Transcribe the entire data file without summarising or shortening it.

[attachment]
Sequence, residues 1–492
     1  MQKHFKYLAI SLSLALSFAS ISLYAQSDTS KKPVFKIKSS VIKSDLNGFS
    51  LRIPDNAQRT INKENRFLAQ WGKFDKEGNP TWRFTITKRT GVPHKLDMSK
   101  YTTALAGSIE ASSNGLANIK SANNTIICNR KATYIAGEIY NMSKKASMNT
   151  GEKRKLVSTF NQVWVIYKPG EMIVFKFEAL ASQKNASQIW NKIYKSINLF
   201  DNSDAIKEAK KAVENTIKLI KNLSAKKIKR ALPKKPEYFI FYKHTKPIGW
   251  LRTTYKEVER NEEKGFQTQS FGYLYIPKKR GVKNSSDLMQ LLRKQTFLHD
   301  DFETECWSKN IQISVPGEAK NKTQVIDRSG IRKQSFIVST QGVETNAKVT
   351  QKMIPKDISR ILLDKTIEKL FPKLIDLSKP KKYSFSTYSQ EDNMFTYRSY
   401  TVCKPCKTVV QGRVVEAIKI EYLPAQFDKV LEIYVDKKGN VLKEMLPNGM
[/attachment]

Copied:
Sequence, residues 1–492
     1  MQKHFKYLAI SLSLALSFAS ISLYAQSDTS KKPVFKIKSS VIKSDLNGFS
    51  LRIPDNAQRT INKENRFLAQ WGKFDKEGNP TWRFTITKRT GVPHKLDMSK
   101  YTTALAGSIE ASSNGLANIK SANNTIICNR KATYIAGEIY NMSKKASMNT
   151  GEKRKLVSTF NQVWVIYKPG EMIVFKFEAL ASQKNASQIW NKIYKSINLF
   201  DNSDAIKEAK KAVENTIKLI KNLSAKKIKR ALPKKPEYFI FYKHTKPIGW
   251  LRTTYKEVER NEEKGFQTQS FGYLYIPKKR GVKNSSDLMQ LLRKQTFLHD
   301  DFETECWSKN IQISVPGEAK NKTQVIDRSG IRKQSFIVST QGVETNAKVT
   351  QKMIPKDISR ILLDKTIEKL FPKLIDLSKP KKYSFSTYSQ EDNMFTYRSY
   401  TVCKPCKTVV QGRVVEAIKI EYLPAQFDKV LEIYVDKKGN VLKEMLPNGM